As it was not possible to remove personal injury actions from summary cause procedure, it was considered that the best approach was to rewrite Chapter 34 to try to incorporate Coulsfield into existing summary cause structure. The key points are summarised in the panel opposite.
Form of summons
The standard summary cause summons (Form 1) is retained. The form of claim to be inserted in box 4 is the standard form of claim in a summons for payment of money. However, the new rules specifically provide that instead of stating the details of the claim in box 7, a pursuer now requires to attach to Form 1 a separate statement of claim in Form 10. This is similar to that required under existing Chapter 34 procedure, and is consistent with the simplified pleadings which underpin Coulsfield procedure.
The purpose is to achieve brevity and clarity of pleadings; however, the rules of relevancy and the requirement to give reasonable notice of your case remain. The summons may include a specification of documents (Form 10b) which contains the same standard paragraphs as in ordinary procedure, and for which commission and diligence is automatically granted when the summons is authenticated.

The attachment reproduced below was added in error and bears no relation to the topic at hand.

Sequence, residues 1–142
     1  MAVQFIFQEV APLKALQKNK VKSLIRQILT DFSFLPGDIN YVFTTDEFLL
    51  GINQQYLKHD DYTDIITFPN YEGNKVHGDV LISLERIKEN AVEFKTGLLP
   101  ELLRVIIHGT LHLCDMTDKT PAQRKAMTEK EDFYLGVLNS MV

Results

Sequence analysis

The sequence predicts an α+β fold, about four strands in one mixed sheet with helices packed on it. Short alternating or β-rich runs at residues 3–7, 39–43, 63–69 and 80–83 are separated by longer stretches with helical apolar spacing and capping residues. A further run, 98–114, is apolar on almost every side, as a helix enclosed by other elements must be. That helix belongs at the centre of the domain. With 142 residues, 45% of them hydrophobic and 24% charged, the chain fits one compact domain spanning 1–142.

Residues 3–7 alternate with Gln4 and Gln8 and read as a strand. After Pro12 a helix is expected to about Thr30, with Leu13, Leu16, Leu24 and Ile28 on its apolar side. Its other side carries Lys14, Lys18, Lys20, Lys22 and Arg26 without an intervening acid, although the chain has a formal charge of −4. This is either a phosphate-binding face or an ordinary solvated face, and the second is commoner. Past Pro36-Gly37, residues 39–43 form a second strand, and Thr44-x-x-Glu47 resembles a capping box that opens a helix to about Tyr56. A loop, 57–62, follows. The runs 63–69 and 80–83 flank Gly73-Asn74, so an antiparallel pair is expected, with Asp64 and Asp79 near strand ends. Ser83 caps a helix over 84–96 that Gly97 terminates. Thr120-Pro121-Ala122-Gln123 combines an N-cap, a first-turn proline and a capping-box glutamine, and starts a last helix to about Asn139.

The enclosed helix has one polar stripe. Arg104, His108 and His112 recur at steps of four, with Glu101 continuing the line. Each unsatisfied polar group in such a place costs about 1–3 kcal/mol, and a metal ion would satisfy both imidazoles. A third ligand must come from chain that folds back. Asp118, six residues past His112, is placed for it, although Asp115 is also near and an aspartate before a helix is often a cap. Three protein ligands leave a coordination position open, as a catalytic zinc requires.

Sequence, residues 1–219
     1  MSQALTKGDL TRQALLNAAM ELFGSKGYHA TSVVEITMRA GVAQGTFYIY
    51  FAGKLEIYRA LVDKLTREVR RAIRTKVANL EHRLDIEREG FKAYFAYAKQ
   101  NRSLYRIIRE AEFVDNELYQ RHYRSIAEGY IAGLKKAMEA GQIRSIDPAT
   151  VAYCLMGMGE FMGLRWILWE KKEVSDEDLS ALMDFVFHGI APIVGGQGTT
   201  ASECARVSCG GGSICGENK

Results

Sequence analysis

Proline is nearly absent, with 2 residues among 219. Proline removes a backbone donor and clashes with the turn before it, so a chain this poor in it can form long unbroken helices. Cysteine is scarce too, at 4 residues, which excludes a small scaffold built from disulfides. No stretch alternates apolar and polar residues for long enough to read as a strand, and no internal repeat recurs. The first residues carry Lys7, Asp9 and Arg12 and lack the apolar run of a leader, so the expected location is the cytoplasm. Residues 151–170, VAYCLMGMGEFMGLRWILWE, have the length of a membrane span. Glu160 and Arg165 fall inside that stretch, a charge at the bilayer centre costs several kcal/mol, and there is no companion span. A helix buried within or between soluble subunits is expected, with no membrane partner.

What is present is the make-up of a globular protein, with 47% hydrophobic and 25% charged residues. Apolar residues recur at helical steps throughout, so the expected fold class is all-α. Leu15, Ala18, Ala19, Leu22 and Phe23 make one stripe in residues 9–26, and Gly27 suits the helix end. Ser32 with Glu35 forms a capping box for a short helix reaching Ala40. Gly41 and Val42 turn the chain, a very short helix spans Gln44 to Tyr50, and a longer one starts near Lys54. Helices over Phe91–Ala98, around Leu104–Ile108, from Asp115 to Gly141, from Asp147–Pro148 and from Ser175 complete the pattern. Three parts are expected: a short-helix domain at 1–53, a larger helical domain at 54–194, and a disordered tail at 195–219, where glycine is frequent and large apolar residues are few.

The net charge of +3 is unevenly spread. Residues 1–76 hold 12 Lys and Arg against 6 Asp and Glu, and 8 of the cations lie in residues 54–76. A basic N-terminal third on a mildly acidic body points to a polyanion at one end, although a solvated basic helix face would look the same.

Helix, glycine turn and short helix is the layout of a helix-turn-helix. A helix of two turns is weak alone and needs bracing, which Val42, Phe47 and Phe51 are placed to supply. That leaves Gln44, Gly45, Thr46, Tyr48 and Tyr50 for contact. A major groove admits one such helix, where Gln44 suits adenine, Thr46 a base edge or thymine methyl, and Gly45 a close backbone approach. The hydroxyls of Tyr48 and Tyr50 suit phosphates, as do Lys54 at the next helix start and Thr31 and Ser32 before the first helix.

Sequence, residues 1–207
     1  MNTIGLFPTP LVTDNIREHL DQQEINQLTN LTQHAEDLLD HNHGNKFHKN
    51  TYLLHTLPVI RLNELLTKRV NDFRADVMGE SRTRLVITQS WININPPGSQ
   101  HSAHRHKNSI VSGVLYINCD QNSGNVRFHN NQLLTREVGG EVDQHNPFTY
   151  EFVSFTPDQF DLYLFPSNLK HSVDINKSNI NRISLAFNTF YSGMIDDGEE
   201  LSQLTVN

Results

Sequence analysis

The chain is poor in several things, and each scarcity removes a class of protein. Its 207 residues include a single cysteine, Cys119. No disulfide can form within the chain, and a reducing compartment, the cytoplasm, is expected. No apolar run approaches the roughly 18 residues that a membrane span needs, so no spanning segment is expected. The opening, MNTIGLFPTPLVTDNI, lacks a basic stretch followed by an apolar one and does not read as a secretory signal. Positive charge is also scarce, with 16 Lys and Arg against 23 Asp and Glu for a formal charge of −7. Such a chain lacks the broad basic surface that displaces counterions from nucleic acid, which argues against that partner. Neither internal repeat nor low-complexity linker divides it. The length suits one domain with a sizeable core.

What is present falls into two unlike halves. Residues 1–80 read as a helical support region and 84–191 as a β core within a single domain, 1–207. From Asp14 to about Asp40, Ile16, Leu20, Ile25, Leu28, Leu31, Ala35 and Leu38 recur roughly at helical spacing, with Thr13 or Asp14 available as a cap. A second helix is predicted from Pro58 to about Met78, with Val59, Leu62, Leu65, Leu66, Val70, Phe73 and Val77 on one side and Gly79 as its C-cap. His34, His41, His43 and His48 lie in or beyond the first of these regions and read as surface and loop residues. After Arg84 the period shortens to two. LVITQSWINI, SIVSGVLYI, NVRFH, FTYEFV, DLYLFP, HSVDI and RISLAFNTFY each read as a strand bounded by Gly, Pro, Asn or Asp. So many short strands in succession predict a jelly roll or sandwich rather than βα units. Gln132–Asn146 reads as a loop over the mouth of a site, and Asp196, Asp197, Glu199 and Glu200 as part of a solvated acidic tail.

Service and response
When the summons is authenticated by the sheriff clerk, a return date and calling date are assigned. There are new defenders’ copy summons, Form 1e (where a time to pay direction may be applied for) or 1f (in every other case), which replace existing Forms 1a and 1b. These forms clarify the new procedure to be followed if the defender wishes to defend the action.
A separate form of response, Form 10a (based on existing Form 10b) requires to accompany every service copy summons. This sets out a list of questions which must be answered by the defender. The completed form represents the defender’s “pleadings”. If a defender wishes to challenge jurisdiction, defend the action or state a counterclaim, they require to complete and lodge with the sheriff clerk the relevant section of the defender’s copy summons (Form 1e or 1f) in addition to the completed Form 10a. As with the pursuer, the defender is obliged to provide fair notice of the grounds of fact and law of their defence.
Once received, the sheriff clerk intimates to the pursuer a copy of the defender’s form of response, discharges the calling date, allocates a diet of proof (no later than nine months from the date of first lodging of the form of response), and issues a timetable setting out the procedural milestones of the action.
Case management by timetable